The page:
# How to Calculate Distance and Speed

Calculating the distance between two points does not require sophisticated math skills. Don’t worry, you only need the basics such as addition, subtraction, multiplication, division, and square numbers. The key is finding the distance between the two points.

And once you know the distance between two points, you can then calculate the speed. You will need even fewer math skills than listed above to find the speed at which an object is traveling between the two points.

## Calculating Distance

Let us begin by defining what we mean when we say two points. To keep matters simple, we are talking about coordinates in a 2D space such as an ordinary flat piece of paper.

We will use the Cartesian coordinate system so that we can easily refer to points along a horizontal x-axis and a vertical y-axis. And we will say that the distance we are measuring is in miles.

Now let us choose our two points. Each point will have two coordinates, one on each axis.

For point one our coordinates will be x1=5, y1=7. Our second point has the coordinates x2-16, y2-25.

We begin by using subtraction to find the difference between coordinates on the same axis. So, x2-x1 is the same as 16-5 or 11. And on the y-axis, y2-y1 is the same as 25-7 or 18.

Now find the squares of 11 and 18. The square of 11 is 121 and the square of 18 is 324.

Next, add together the two results. 121 + 324 = 445.

The final step is to find the square root of the sum 445 which is 21.095.

That means the distance between our two points is 21.095. Let us round that number down to 21 miles.

Here is a recap of the steps we used to calculate the distance:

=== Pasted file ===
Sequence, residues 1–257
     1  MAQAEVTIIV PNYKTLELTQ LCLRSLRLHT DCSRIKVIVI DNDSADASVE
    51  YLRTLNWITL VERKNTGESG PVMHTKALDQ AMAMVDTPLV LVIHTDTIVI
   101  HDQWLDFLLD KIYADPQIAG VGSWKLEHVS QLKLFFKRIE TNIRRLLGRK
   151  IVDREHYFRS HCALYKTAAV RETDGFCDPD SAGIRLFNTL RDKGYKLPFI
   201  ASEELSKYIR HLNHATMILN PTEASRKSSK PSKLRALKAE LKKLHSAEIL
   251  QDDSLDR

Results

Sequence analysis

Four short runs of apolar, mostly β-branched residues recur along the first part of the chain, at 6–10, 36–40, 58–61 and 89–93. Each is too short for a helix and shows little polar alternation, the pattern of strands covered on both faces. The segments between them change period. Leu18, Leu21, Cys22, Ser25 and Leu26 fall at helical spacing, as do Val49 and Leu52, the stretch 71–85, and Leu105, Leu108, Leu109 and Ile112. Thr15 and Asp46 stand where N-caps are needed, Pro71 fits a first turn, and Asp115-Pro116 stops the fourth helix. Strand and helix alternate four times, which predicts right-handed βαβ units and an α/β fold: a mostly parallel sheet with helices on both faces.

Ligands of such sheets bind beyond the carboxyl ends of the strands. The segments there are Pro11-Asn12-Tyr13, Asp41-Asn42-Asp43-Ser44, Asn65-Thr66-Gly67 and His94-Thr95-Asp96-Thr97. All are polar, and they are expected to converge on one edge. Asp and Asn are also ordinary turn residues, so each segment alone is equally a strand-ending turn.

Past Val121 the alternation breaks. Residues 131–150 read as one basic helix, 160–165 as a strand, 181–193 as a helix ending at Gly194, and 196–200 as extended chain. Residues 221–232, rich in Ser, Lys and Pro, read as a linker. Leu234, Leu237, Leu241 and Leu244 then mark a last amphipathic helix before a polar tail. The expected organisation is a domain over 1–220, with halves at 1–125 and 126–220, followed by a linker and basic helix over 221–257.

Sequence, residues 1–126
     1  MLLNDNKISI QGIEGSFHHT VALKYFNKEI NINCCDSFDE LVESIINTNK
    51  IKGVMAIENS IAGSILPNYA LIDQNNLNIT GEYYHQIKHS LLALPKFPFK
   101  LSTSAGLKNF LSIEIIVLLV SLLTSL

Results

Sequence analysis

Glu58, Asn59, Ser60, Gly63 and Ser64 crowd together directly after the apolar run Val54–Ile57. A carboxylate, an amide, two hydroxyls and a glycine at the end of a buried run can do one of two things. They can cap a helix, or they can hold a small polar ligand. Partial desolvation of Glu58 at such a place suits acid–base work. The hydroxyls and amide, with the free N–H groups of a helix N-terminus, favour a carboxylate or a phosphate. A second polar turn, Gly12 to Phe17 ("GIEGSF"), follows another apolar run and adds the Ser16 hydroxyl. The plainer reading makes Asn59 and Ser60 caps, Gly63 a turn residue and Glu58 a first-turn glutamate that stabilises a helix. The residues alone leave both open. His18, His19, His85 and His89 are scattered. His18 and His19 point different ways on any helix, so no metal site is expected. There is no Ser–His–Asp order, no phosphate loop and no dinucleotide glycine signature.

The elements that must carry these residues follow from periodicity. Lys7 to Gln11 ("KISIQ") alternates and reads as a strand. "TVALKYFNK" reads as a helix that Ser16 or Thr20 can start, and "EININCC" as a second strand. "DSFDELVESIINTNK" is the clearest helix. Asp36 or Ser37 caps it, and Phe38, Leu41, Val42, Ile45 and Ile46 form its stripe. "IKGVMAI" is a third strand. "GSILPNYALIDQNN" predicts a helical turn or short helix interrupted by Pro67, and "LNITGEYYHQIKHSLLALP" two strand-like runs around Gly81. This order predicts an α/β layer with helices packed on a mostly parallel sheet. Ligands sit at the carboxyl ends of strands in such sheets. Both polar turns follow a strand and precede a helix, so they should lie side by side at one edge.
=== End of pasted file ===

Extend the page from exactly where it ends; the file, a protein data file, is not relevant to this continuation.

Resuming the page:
1. Use subtraction to determine the difference between coordinates on the same axis:

(x2-x1) = (16-5) = 11

(y2-y1) = (25-7) = 18

2. Square your results:

11² = 121

18² = 324

3. Use addition to find the sum of the squares:

121 + 324 = 445

4. Find the square root of the sum:

√445 = 21.095 or 21 miles

## Calculating Speed

Now that we have the distance between the two points, we can calculate speed.

Let us suppose an object leaves point 1 at six o’clock and arrives at point 2 at eight o’clock. How fast is it traveling?

The established formula for calculating speed is Speed = Distance / Time.

We know the distance is 21 miles. And we know the time it takes to travel the distance is two hours. So we simply need to plug our data that we discovered into the formula to find the speed.

Our formula now looks like this: Speed = 21 miles/2 hours.

A quick bit of division tells us that Speed = 10.5 miles per hour.

To further understand the concept of speed, let’s delve into its different types. Speed can be categorized into average speed and instantaneous speed. Average speed, as we calculated above, is the total distance traveled divided by the total time taken. It gives us a general idea of how fast an object is moving over a period of time. On the other hand, instantaneous speed refers to the speed of an object at a specific moment in time. This is what speedometers in cars measure. For example, if a car’s speedometer reads 60 miles per hour at a particular moment, that is its instantaneous speed. Understanding these different types of speed can help in various practical situations, from driving to physics experiments.